Fiestas along the railway

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One of the most interesting facts when visiting the country is to get to know its people and its deep traditions, a cultural experience that is perhaps most palpable during the many fiestas that take place in every region. Be sure to plan your train travels so that they coincide with some of these fascinating festivities that celebrate everything from virgins and Andean cowboys to flowers, fruit and independence.


NORTHERN ANDES (Otavalo – Ibarra – Salinas)


Yamor coincides with the Otavalo foundation festivities in early September, an indigenous harvest festival that pays tribute to Mother Earth and especially to corn. Apart from the usual concerts, parades and the election of the queen, food takes center stage, as the “Yamor” dish is offered everywhere, and includes many of the staple recipes such as carne colorada (fried pork) and chicha de jora, made of fermented corn.


San Juanes (around June 21)

During the summer solstice, most towns and cities of the province of Imbabura spend weeks preparing for the big solstice festivities, during which the locals walk up and down local roads dancing and stomping their feet to the sound of guitars and hand-held bass drums, disguised as all sorts of characters. San Juanes extend over a period of several days and end at the “taking of the square”, where large numbers of people concentrate at the main plaza in town with food, drink and lots of music. The fiesta also coincides with the religious San Pedro and San Pablo holidays.


Day of the Dead (November 2)

Cemeteries throughout the country are filled with people seeking to honor their deceased loved ones, but none is filled with such color and tradition as Otavalo’s indigenous cemetery, where hundreds arrive with food and drink (and especially the traditional “guaguas de pan”) to eat together, ¡with the living and the dead!


You can also combine your trips to the north with foundation festivities in Salinas (June 25) and Ibarra (mid-September), which include parades, beauty pageants, concerts and other local traditions.

CENTRAL ANDES (Quito – Riobamba)

Machachi honors their “cowboy” culture. Known as chagras, who celebrate their affinity to the mountain and cultural identity of the high paramo with rodeos, horseback riding with their characteristic hats, poncho and chaps, and parades and dances that come down from the high mountains to take over the city, its streets and main square.


Two great fiestas in ​​Ambato are held during Carnival: the interesting indigenous festival of the town of Totoras (a short distance from Ambato) in which men dress as “doñas” and “negros” and go from house to house celebrating with the owners. Also interesting is the parade on horseback that takes place to inaugurate the festivities. At the same time, the massive Ambato Flower and Fruit Festival is also hel, in the heart of the city, where the people parading throw fruit from their floats (from plums to watermelons… so keep your head up!)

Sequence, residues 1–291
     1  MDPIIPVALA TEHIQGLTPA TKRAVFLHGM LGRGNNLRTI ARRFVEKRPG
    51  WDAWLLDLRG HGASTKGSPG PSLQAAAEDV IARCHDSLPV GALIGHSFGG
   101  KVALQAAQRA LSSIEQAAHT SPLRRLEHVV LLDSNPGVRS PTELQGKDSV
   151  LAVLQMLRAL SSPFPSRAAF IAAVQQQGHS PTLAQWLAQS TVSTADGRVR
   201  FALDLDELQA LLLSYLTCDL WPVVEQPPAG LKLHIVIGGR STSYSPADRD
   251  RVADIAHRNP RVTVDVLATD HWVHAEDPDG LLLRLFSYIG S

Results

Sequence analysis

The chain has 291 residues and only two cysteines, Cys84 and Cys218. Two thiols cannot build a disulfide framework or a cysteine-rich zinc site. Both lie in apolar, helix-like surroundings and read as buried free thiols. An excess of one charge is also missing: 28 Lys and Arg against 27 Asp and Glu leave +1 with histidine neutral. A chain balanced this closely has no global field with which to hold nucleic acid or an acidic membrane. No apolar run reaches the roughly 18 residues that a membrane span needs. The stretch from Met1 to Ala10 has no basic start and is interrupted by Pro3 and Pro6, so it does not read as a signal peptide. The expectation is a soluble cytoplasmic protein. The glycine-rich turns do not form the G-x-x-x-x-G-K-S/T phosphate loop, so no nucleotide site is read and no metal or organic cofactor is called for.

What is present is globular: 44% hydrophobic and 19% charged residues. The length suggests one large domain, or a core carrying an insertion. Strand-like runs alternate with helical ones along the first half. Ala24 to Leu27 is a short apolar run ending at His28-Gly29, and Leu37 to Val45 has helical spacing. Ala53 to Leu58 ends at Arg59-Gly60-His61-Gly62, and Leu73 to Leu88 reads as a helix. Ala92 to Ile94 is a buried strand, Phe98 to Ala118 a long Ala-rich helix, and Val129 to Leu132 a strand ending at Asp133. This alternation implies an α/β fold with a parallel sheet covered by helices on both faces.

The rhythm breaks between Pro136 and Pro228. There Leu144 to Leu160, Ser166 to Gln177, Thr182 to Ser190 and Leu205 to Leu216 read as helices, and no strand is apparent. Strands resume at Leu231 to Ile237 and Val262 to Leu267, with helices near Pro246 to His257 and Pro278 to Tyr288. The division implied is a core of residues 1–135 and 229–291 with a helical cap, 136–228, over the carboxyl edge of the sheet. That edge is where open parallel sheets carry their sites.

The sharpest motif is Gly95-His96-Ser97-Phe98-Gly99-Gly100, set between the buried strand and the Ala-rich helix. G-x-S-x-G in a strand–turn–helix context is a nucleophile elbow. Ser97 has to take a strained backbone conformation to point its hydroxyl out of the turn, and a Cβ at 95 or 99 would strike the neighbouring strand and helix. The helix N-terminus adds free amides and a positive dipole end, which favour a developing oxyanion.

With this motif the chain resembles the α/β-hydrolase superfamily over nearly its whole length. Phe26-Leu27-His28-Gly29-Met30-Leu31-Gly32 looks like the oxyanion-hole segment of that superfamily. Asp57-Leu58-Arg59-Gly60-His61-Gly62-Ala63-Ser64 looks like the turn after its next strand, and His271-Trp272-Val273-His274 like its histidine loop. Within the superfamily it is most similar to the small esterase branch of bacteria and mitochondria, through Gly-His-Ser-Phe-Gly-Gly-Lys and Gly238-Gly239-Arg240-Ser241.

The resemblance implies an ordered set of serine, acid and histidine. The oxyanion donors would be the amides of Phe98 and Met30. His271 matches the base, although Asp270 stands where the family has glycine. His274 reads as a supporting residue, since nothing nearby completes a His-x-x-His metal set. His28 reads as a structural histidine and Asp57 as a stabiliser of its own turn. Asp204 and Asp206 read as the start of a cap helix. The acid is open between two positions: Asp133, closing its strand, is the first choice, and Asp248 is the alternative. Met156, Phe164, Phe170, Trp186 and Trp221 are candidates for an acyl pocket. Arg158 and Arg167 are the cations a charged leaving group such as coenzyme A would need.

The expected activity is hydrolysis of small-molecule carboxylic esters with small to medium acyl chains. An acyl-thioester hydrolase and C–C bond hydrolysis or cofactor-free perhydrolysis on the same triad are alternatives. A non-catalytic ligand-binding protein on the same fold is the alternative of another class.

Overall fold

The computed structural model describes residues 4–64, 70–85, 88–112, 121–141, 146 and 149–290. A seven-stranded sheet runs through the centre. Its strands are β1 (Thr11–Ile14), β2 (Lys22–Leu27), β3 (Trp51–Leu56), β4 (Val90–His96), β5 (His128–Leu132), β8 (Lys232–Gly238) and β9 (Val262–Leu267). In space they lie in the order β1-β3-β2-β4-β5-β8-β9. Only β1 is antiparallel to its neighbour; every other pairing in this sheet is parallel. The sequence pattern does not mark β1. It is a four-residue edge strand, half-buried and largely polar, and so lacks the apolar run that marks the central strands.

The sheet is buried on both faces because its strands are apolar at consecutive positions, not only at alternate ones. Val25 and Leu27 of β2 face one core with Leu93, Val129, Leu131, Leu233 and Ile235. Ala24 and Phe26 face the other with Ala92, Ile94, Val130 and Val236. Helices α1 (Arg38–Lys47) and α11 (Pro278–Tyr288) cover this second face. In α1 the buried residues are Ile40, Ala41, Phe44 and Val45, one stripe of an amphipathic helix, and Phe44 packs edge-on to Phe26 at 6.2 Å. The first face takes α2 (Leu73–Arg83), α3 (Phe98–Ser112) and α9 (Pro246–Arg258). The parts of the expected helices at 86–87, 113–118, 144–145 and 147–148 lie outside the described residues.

Another quite unique Carnival takes place in Cacha, near Riobamba, with ancestral games and much color.


Riobamba itself has several unique processions, such as the intimate Lord of Good Success procession, on Holy Tuesday (during Holy Week) or the colorful and very beautiful Jesus Child parades held every weekend between December and mid-January, during which the elegant, and quite unique, dance between Devils and Dogs take place! On January 6th, the Child of Child parade is held in the neighborhood of Santa Rosa, perhaps the most emblematic of all.


Finally, there is the Mama Negra in Latacunga (September 23) one of the most idiosyncratic fiestas in the country. A man dresses as a woman, wearing a colorful blouse, his face painted black, his lips red, riding a horse and holding a doll, parading across town in honor of the Virgin of Volcanoes, Our Lady of Mercy.




Guayaquil celebrate their foundation on July 25th and independence from Spain on October 9th, with civic parades and concerts; but perhaps the most spectacular time of year takes place on New Year’s Eve, when thousands of human-size effigies, known as “viejos” (old men), are burned to remind the populace of those the figures, fictitious or real, who have represented the Good, the Bad, and the Ugly during the year. In the southern neighborhoods, some of these “effigies” are enormous… as high as buildings! They are so large that they are burned down with the help of firefighters.



Hundreds of people pilgrimage to Our Lady of Yaguachi, the first station after Duran, to celebrate their Virgin icon, which coincides with the August 15th religious observation of The Assumption.

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